(AP) In the final months of Rebecca Riley’s life, a school nurse said the little girl was so weak she was like a “floppy doll.”
The preschool principal had to help Rebecca off the bus because the 4-year-old was shaking so badly, and a pharmacist complained that Rebecca’s mother kept coming up with excuses for why her daughter needed more and more medication.
None of their concerns was enough to save Rebecca.
Rebecca — who had been diagnosed with attention deficit hyperactivity and bipolar disorder — died Dec. 13 of an overdose of prescribed drugs. Her parents have been arrested on murder charges, accused of intentionally overmedicating their daughter to keep her quiet and out of their hair.
Interviews and a review of court documents by The Associated Press make it clear that many of those who were supposed to protect Rebecca — teachers, social workers, other professionals — suspected something was wrong but never went quite far enough.
But the tragic case is more than a story about one child. It raises troubling, larger questions about the state of child psychiatry, namely: Can children as young as Rebecca be accurately diagnosed with mental illnesses? Are rambunctious youngsters being medicated for their parents’ convenience? And should children so young be prescribed powerful psychotropic drugs meant for adults?
Dispensing drugs to children diagnosed with mood or behavior problems is “the easiest thing to do, but it’s not always the best thing to do,” said Dr. Jon McClellan, medical director of the Child Study and Treatment Center in Lakewood, Wash. “At some level, I would hope that you’d also be teaching kids ways to control their behavior.”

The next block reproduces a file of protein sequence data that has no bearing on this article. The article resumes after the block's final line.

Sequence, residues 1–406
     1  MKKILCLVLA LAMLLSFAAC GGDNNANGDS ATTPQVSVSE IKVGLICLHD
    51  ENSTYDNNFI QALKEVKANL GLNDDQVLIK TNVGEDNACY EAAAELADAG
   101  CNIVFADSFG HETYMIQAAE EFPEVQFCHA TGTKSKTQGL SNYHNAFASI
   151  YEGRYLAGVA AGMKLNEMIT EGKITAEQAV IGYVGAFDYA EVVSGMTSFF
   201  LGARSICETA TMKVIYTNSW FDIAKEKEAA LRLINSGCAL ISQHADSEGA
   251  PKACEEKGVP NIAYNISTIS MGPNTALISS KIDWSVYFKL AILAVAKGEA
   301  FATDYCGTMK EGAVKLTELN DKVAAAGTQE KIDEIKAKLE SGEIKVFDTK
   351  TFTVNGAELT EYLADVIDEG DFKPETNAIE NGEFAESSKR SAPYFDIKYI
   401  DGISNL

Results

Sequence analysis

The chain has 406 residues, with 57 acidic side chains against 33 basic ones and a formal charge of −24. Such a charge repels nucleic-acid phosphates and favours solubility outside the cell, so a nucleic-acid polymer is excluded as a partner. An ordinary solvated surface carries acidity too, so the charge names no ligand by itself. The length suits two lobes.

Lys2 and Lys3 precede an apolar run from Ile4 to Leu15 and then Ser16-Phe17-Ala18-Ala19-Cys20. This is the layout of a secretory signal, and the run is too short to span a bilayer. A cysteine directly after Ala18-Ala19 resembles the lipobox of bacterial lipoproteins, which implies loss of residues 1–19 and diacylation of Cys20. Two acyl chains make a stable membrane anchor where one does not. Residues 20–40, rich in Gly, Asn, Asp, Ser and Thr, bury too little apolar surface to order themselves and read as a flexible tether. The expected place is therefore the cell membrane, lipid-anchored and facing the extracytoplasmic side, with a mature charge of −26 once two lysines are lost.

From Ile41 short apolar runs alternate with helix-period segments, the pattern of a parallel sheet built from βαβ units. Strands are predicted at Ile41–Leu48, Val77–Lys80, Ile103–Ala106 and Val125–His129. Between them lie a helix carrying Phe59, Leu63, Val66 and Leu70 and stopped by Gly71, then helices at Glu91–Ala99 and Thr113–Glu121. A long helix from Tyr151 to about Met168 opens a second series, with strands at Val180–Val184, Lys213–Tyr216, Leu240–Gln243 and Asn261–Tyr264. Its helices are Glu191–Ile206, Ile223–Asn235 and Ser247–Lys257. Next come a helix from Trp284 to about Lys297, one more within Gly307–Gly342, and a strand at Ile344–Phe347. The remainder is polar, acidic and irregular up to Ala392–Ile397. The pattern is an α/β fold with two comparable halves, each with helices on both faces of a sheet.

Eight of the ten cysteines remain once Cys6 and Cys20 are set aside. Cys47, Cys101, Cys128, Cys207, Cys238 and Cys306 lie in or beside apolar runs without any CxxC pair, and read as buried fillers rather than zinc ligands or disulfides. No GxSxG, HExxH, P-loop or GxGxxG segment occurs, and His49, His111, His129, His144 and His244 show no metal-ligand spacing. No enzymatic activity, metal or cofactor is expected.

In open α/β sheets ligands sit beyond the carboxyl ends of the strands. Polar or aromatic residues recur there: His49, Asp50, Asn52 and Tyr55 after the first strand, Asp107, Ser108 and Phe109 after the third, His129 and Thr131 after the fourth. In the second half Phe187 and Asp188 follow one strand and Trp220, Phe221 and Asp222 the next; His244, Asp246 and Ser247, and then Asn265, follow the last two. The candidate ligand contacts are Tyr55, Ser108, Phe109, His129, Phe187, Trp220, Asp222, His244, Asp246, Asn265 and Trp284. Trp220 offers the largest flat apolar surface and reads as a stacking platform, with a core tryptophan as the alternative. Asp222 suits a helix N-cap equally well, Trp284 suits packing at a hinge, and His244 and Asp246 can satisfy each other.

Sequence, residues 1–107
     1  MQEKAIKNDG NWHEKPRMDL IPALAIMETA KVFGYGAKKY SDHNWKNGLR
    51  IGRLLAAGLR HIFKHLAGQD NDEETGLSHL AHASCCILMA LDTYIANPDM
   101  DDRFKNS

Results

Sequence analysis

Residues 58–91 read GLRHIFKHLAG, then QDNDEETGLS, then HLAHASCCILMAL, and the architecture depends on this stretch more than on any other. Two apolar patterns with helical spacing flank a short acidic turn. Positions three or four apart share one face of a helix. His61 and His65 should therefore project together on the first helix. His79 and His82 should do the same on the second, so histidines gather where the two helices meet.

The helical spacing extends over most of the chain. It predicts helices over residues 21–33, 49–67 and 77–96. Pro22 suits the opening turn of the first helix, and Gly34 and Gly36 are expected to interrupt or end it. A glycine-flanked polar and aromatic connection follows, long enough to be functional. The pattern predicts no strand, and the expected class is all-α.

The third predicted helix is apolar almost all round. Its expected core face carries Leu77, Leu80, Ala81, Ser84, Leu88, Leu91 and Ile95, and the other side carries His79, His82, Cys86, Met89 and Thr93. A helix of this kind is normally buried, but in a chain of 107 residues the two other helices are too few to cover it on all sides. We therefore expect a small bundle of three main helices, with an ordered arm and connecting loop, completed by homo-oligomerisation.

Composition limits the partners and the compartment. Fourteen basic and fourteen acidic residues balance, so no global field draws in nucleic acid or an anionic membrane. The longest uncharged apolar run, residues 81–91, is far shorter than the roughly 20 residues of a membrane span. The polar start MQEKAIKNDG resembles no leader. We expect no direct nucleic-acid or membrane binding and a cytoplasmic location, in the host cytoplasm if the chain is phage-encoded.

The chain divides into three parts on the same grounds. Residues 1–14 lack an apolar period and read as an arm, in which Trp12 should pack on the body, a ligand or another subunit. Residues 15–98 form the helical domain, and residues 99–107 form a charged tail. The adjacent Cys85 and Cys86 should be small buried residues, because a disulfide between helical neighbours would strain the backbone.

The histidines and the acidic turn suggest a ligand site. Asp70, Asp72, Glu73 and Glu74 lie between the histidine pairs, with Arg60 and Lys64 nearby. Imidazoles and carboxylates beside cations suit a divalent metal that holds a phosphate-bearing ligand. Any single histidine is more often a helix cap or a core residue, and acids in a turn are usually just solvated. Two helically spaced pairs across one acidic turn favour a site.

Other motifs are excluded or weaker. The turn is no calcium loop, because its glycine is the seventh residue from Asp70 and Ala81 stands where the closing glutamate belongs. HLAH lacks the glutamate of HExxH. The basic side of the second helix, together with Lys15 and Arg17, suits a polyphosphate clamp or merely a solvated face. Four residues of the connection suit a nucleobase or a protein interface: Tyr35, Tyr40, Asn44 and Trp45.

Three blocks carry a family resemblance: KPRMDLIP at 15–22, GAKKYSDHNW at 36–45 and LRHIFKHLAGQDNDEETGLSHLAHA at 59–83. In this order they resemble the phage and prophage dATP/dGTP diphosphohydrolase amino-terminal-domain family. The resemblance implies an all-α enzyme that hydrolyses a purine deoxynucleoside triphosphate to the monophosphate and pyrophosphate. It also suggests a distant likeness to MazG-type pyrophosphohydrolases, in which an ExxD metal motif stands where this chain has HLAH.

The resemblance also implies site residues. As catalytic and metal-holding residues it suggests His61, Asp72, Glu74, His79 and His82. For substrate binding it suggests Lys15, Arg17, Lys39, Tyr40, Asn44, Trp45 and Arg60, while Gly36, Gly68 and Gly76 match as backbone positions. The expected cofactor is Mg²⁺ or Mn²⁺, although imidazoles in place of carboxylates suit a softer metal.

According to the medical examiner, Rebecca died of a combination of Clonidine, a blood pressure medication Rebecca had been prescribed for ADHD; Depakote, an anti-seizure and mood-stabilizing drug prescribed for the little girl’s bipolar disorder; a cough suppressant and an antihistamine. The amount of Clonidine alone in Rebecca’s system was enough to be fatal, the medical examiner said.
The two brand-name prescription drugs are approved by the Food and Drug Administration for use in adults only, though doctors can legally prescribe them to youngsters, and do so frequently.
Rebecca’s parents, Michael and Carolyn Riley, say they were only following doctor’s orders. Rebecca, they told police, had been diagnosed when she was just 2½, and Rebecca’s psychiatrist prescribed the same potent drugs that had been prescribed for her older brother and sister when she diagnosed them with the same illnesses several years earlier.
But Rebecca’s teachers, the school nurse and her therapist all told police they never saw behavior in Rebecca that fit her diagnoses, such as aggression, sharp mood swings or hyperactivity.
Prosecutors say the Rileys intentionally tried to quiet their daughter with high doses of Clonidine. Relatives told police the Rileys called Clonidine the “happy medicine” and the “sleep medicine.”
Through their attorneys, Michael Riley, 34, and Carolyn Riley, 32, have accused Rebecca’s psychiatrist, Dr. Kayoko Kifuji, of over-prescribing medication.